MSN Search Opens Its Doors This Thursday
The day we have been waiting for is almost upon us, as Microsoft has announced that it will unveil the new MSN Search, albeit a preview version, this Thursday. Although Yahoo, Jeeves, and others have been trying their hardest to catch Google, I believe that the new MSN Search represents the first real, instant threat to actually overtake Google. The Thursday unveiling is the opening salvo in this search war, and Microsoft intends to win. Microsoft will reportedly be dropping more than $100 million to promote the engine for the holiday season.
The Wall Street Journal (subscription free this week only) reports that the engine will go live before the end of the year, confirming all the recent rumors. Alongside the search engine, we may also see Microsoft's desktop search product, codenamed ME2, also expected by the end of the year. Currently, MSN licenses Yahoo results, and with the new MSN Search, that contract is expected not to be renewed when it expires next year.
Cnet's Stefanie Olsen is reporting that what we will see Thursday is simply a new interface, not the new index, and that the new index will be integrated next month.
The revamped MSN Search remains a front end for technology provided by Yahoo, offering mainly a face-lift aimed to make it look more like Google. The relatively minor changes signal that--after a year in development and a $100 million investment--Microsoft's ballyhooed search push still has a long way to go.She also notes that the new page will have fewer ads, offers a minmalist version for Google fans, removes paid inclusion links, and notes rumors that Microsoft will buy AskJeeves or another search engine in order to leap forward with its technology.
The New York Times reports that news of the big reveal leaked yesterday when MS began calling reporters to let them test out the engine (hey, what about this reporter!). John Battelle confirms that in his blog, saying, "I was wondering why the MSFT folks were so eager to get me in front of a PC this week (I will see a preview Weds and report back asap)". John Markoff says in the article:
Since we can trust that Markoff knows more than he's saying, the read between the lines basically is "Microsoft has indexed more than those numbers". Google has prepared for that possibility, with GoogleBot indexing more than ever before. Since neither MS or Google have released their new numbers yet, when MSN Search goes public, expect a claim of "the largest search index ever", followed immediately by a similar Google announcement. Webstractions reports that Google's index now stands at 9.85 billion pages, citing research by Eric Baillargeon, a 33% increase. Simply search for the word "the" in Google, and you will see 9,580,000,000 results reported, up from the 6,040,000,000 number that has been reported for months.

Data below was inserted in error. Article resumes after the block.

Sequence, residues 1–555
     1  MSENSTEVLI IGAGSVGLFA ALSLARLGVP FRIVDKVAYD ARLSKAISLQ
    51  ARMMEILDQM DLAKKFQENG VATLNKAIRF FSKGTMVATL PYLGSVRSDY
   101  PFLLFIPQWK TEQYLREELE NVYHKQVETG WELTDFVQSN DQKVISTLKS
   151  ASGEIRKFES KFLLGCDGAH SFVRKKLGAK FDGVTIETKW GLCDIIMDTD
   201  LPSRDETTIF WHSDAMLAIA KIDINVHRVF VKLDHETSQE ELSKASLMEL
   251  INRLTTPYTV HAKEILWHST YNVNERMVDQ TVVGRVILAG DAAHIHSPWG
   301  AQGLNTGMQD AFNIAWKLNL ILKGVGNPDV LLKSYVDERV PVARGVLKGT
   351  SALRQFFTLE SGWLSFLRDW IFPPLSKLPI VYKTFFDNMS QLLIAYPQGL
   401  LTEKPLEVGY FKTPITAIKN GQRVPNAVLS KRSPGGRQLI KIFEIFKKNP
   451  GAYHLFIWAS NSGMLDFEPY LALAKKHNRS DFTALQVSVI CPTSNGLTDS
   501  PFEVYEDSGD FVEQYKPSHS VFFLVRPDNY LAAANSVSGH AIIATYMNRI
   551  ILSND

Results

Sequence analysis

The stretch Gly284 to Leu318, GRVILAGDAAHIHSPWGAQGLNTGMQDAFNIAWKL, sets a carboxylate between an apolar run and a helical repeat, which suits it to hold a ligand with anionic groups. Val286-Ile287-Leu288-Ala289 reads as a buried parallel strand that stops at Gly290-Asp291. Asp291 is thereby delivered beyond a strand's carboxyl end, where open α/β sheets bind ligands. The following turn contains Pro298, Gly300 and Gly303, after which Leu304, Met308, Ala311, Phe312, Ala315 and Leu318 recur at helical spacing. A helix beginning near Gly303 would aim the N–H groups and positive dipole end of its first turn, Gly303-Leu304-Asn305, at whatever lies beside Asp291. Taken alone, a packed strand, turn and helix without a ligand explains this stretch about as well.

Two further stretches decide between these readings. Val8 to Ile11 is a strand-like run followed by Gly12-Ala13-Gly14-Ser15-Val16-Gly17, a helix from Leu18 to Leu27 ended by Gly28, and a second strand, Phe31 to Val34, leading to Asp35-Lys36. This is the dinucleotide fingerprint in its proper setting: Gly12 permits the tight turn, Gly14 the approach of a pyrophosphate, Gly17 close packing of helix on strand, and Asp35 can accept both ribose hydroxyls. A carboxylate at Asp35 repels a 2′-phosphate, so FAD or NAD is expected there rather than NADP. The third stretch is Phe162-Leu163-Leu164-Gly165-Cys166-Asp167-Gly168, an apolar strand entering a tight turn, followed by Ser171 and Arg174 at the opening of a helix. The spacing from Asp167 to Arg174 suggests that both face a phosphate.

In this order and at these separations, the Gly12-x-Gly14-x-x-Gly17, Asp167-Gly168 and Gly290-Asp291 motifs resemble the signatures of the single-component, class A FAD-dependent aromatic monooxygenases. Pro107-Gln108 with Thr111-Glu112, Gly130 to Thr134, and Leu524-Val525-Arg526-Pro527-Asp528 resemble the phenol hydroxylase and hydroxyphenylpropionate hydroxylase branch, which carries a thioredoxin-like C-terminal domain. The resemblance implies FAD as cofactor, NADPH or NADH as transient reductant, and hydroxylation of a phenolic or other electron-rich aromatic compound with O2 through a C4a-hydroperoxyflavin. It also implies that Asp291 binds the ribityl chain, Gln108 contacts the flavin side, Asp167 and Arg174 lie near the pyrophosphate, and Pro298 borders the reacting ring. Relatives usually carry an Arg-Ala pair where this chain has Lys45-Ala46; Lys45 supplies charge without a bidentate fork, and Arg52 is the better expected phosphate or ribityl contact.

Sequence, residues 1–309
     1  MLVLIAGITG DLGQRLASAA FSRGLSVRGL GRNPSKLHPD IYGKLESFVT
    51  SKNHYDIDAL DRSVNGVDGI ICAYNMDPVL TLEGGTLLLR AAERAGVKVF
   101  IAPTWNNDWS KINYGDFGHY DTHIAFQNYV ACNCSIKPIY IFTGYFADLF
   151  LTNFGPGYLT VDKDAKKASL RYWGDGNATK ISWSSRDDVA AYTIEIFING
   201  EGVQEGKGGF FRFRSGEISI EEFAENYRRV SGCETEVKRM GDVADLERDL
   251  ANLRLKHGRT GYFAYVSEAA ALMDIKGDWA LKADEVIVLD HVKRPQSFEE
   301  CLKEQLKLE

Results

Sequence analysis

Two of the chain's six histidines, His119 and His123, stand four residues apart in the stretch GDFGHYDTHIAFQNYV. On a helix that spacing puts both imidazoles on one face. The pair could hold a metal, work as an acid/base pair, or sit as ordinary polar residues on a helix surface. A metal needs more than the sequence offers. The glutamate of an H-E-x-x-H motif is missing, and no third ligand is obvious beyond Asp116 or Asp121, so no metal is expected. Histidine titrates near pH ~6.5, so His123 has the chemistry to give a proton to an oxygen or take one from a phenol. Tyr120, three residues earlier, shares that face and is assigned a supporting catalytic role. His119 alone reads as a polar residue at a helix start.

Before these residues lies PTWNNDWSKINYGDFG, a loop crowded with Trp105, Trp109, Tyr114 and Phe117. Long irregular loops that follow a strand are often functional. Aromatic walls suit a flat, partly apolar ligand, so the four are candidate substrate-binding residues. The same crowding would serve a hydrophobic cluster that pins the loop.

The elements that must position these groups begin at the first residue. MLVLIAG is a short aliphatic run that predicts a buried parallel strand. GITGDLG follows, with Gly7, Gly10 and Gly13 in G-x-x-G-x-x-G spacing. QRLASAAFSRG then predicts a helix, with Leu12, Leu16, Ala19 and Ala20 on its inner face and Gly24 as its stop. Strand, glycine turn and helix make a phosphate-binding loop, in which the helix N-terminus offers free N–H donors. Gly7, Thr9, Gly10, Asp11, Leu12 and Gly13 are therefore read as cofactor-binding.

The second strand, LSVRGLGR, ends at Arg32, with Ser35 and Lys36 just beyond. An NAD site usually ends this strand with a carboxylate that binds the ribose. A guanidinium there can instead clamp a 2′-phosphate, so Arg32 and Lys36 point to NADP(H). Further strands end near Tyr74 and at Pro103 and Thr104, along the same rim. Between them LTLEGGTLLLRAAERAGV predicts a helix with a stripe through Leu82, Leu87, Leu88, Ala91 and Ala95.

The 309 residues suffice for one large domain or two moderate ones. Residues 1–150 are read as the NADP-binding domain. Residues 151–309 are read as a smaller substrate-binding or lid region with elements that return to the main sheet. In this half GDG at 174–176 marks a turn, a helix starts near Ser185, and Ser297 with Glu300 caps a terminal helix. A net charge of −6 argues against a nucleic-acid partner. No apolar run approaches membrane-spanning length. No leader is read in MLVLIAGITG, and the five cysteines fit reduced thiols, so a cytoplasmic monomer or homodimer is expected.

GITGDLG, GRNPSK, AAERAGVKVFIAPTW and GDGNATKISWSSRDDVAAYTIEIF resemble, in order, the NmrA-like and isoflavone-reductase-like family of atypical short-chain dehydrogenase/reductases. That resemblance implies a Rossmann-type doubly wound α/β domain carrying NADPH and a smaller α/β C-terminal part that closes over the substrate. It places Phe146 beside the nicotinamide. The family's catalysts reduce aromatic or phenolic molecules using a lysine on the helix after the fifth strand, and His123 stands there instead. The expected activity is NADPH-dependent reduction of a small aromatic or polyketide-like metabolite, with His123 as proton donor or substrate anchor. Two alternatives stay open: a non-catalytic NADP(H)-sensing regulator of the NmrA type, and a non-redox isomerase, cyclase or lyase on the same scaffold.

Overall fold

Microsoft will stress the size and completeness of its service, according to several people with knowledge of the announcement.
Currently Google, the largest search engine, indexes about 4 billion Web pages, 880 million images and 845 million Usenet messages. The service is used by almost 82 million people each month, according to Nielsen/NetRatings.
There have been recent rumors Google is about to launch a newer version of its index and search algorithm, much like last year's Florida update. Of course, last year that move caused many complaints, and Google may not be able to afford any bad buzz, which could send customers scrambling to MSN.
John Tinker, an analyst who covers Google for ThinkEquity Partners, does not believe MSN Search will have an immediate impact, saying, "I think Microsoft is a couple of years from doing anything serious, but it's a reminder that the big bad evil beast is out there". Of course, the beta preview version of the index has tested extremely well, and a partial look at the new interface was leaked to weeks ago, which also impressed many, so he could be wrong.
Search Engine Roundtable notes the major forum chatter about the release:
Danny Sullivan at Search Engine Watch Blog has a great timeline of the evolution of MSN Search, from Yukon to Inktomi to AltaVista to MSNBot. He also wonders where exactly Microsoft plans to put the site when the preview launches. Will it become the default engine, or remain wn the Search Beta area, where far fewer people will notice it?
They will often play games (according to Eric) of one-upmanship. Yahoo will revise their figure, then Google.
Although I am wondering how reliable the Yahoo figures really are. Not that I say they are "fudging" them a bit, but they do seem to be a little too high.
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